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C++: Random Number Generation Using

📅 2010-Nov-24 ⬩ ✍️ Ashwin Nanjappa ⬩ 📚 Archive

Note: Please note that the random header has undergone substantial change for C++11 and later. This post is outdated and only meant for older versions of C++. For the latest, please refer to this page.

C++ can get very irritating if all you want is a simple solution. Take random number generation for example. The header was added to C++ to provide all kinds of random number generation. While it does cover any kind of random generation you can dream of, it makes writing a simple random generator super-hard! Unlike C or C#, where you can quickly generate random numbers with little code, in C++ it takes a lot of reading, pondering and lots of ugly-looking code.

The header file provides many kinds of classes:

Simple Random Number Generation

Here is a simple random number generator that produces random float values. It uses the variate_generator to wrap a minstd_rand engine and uniform_real_distribution.

#include <random>
using namespace std;

typedef minstd_rand                             Engine;
typedef uniform_real_distribution<float>        Distribution;
typedef variate_generator<Engine, Distribution> Generator;

Generator gen( Engine(9999), Distribution( 10, 100 ) );

cout << "Random value: " << gen() << endl;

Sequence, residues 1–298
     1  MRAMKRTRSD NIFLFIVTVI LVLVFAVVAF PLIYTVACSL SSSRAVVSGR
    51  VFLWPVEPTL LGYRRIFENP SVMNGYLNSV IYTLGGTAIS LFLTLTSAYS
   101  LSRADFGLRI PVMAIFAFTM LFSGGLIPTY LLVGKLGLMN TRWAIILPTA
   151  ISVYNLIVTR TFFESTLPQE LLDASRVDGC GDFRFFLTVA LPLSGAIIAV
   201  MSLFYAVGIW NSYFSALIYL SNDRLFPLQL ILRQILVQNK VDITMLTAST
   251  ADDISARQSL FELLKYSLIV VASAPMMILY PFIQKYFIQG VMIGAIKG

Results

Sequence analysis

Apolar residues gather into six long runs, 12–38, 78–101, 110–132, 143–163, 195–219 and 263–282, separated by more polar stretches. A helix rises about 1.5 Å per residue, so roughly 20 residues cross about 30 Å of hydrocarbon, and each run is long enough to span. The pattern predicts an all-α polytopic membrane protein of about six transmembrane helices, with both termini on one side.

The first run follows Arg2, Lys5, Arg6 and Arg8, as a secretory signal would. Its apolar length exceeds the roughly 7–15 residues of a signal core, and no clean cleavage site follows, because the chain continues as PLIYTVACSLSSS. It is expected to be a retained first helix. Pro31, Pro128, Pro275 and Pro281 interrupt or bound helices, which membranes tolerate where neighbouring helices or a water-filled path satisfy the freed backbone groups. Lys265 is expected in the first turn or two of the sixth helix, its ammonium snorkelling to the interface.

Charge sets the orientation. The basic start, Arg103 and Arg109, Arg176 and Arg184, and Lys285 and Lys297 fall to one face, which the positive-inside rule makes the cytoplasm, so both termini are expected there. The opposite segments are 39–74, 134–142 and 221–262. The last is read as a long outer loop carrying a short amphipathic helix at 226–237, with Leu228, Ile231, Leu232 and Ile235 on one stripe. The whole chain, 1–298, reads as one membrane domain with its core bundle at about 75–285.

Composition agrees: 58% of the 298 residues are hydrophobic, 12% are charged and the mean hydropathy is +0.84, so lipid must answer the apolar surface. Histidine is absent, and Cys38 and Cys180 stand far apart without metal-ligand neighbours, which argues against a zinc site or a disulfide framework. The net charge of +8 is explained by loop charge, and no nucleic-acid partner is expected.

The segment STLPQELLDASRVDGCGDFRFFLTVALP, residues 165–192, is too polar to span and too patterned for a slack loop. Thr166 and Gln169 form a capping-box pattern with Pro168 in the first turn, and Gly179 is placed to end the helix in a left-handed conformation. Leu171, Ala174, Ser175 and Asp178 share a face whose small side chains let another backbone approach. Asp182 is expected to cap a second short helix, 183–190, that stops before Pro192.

The minstd_rand engine requires a seed, here we seed it with 9999. We also provide the uniform_real_distribution an output range of [10.0,100.0).

Simple Random Generator Class

If all I want is to generate some random number simply and quickly, the C++ looks truly foreboding! ☹

Here is a simple random number generator class that wraps up the complexity to provide a simple interface:

#include <random>
using namespace std;

class MyRandom
{
private:
    // Types
    typedef minstd_rand                             Engine;
    typedef uniform_real_distribution<float>        Distribution;
    typedef variate_generator<Engine, Distribution> Generator;

    // To hold the generator
    Generator* _gen;

public:
    MyRandom( int seed, float minVal, float maxVal )
    {
        _gen = new Generator( Engine( seed ), Distribution( minVal, maxVal ) );
    }

    ~MyRandom()
    {
        delete _gen;
    }

    float next()
    {
        return (*_gen)();
    }
};

The above class interface is influenced by C# Random, which is how simple and accessible C++ should have been! Writing code using the above class is easy:

const int seed      = 9999;
const float minVal  = 10;
const float maxVal  = 100;
MyRandom myRand( seed, minVal, maxVal );
cout << "Random value: " << myRand.next() << endl;

I hope this post made digesting a wee bit easier! 😊